In the wake of their overwhelming defeat last week (at least relative to expectations a few months ago), Republicans are wondering how to improve their position in the next election. John Boehner has apparently told his caucus to “get in line” and support negotiations with the president over the “fiscal cliff” and the national debt. More shockingly, The Hill reported rumblings that Grover Norquist’s stranglehold over tax policy may be weakening, with one Democratic aide even saying, “As far as [Norquist’s] ability to sway votes, it’s gone.” Norquist’s Taxpayer Protection Pledge forbids lawmakers from voting for legislation that would either raise tax rates or increase tax revenues; if Republicans are questioning the pledge, that might pave the way for a bipartisan compromise to increase taxes.
Norquist’s response: “Nobody’s actually broken the pledge. That doesn’t keep me up at night.” He’s right not to worry. He has history on his side.
Let’s take a brief look at American political history since the 1970s, courtesy of the incomparable xkcd:
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That picture shows the composition of the House of Representatives from the late 1970s to the 2010 election. (The full picture goes all the way back to 1789.) The colors indicate ideological positions as measured by DW-NOMINATE scores. Bright red is center-right, medium red is right, and dark red is far right. The major pipes feeding in from the right are net increases resulting from elections: note for example the wave elections of 1994 and 2010.
The modern conservative movement was founded on a marriage of principle and pragmatism. Back in the 1980s, Newt Gingrich realized that ideological purity could be a winning political strategy: by holding out for small government and low taxes, he attracted far-right groups that had been ignored by both parties for decades as well as rich donors who were looking for a new place to invest their money. His fundraising prowess, organizational discipline, cultivation of talk radio, and networking with grass-roots conservative groups made possible the Republican sweep of 1994. Over the next decade, the increasing influence of key conservative power brokers continued the purge of moderate Republicans and their replacement by extremists (note the disappearance of the bright red). (For the full story, see chapter 3 of White House Burning.)
But the key thing to note is what happened when the conservatives lost, notably in 2006 and 2008. One possible response would have been to realize that the party had become too extreme and tack back toward the center. We know that didn’t happen, as illustrated by the dark red influx of 2010. Between principle and pragmatism, Republicans chose principle.
Why do Republicans behave this way? There are many reasons. The funding that they need to win elections comes largely from a small number of extremely conservative power brokers such as the Koch brothers. Widespread gerrymandering means that elections are settled at the primary stage, where the power of far-right groups (Club for Growth, Americans for Prosperity, FreedomWorks, etc.) places a premium on ideological purity. (For whatever reason, the trend toward the extreme has been much weaker among Democrats.)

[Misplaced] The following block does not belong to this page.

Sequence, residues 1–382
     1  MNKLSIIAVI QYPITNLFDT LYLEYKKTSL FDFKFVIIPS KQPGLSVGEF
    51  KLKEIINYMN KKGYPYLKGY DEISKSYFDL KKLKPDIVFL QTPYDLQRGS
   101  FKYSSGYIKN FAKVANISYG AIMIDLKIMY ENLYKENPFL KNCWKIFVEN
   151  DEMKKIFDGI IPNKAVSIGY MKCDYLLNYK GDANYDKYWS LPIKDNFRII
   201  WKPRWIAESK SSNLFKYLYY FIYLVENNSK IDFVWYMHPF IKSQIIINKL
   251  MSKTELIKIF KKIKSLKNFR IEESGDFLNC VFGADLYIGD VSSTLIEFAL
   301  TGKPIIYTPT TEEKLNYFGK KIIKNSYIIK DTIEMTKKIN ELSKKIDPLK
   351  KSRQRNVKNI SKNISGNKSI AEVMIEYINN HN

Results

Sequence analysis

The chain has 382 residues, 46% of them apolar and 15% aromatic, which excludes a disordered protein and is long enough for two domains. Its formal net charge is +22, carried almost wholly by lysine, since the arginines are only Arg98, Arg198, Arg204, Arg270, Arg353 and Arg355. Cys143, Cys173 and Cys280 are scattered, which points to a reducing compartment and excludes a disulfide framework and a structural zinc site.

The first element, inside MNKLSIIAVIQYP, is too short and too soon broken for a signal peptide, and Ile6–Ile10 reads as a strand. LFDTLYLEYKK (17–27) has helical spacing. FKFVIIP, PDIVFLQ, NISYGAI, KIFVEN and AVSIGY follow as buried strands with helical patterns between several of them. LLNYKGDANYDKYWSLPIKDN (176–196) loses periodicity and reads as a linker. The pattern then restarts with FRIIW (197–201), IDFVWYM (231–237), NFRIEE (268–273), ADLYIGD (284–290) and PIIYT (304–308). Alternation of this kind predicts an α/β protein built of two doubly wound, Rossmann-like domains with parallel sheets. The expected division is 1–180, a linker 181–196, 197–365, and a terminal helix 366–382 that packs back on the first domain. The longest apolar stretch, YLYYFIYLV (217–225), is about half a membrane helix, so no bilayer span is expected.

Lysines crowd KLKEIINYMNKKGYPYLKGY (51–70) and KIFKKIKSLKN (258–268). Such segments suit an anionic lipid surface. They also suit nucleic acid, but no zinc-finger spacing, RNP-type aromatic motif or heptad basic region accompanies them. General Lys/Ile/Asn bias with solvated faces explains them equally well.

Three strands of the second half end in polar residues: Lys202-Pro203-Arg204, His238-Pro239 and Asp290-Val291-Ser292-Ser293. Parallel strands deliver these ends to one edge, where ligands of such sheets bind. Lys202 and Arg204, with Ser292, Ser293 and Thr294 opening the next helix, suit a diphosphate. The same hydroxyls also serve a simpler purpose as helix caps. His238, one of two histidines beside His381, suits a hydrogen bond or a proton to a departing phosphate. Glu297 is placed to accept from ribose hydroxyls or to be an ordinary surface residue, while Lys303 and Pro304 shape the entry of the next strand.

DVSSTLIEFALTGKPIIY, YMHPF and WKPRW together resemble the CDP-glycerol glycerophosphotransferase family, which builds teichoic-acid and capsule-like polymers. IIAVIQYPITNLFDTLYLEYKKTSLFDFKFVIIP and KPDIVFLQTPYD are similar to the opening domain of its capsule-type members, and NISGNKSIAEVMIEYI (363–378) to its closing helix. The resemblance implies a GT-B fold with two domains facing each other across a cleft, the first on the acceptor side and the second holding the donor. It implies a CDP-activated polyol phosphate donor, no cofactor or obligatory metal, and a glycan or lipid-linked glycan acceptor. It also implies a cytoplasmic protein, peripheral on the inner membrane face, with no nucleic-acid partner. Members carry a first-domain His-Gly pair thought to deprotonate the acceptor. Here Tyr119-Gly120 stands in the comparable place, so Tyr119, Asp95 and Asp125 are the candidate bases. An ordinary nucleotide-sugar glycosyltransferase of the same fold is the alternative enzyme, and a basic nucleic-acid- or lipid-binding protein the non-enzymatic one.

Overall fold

The anti-tax platform also possesses a self-reinforcing simplicity. The vision of small government and lower taxes is clear and compelling in the abstract (even if it could be devastating in practice). The “no new taxes” pledge is trivially easy to monitor and, once broken, provides a convenient bludgeon for a primary opponent to use. It’s not a position that easily accommodates compromise.
Finally, if you take the long view, there’s no reason for conservatives to back away from their absolutist anti-tax stance. So they lose an election or two. What happens? When it comes to taxes, Democratic majorities at best hold the line against further tax cuts. After their sweep in 2008, President Obama and his congressional allies passed a couple of modest tax increases to pay for Obamacare (and one of those, the excise tax on Cadillac plans, is one that conservative economists profess to like), but also extended the Bush tax cuts and added a few more tax cuts of their own; now Obama wants to make more than 80 percent of the Bush tax cuts permanent, and last summer he offered up his own proposals for entitlement cuts. When the Republicans return to power, as they inevitably will, they can just pick up where they left off.
Sure, some Republicans will say that they don’t take orders from Grover Norquist. But for the last eighteen years, the hardline anti-tax position has been a huge winner for Republicans. Given that Democrats have shown exactly zero ability to punish them for it, I can’t see any reason why they should change their ways now.
If there is some sort of compromise in the next couple of months, it’s going to be one that Republicans can frame as a tax cut, not an out-and-out violation of the Grover pledge; one scenario is that the year ends with no deal, tax rates go up, and then Obama and the Republicans agree to cut them. Because at the end of the day, Peter Steiner is still right.
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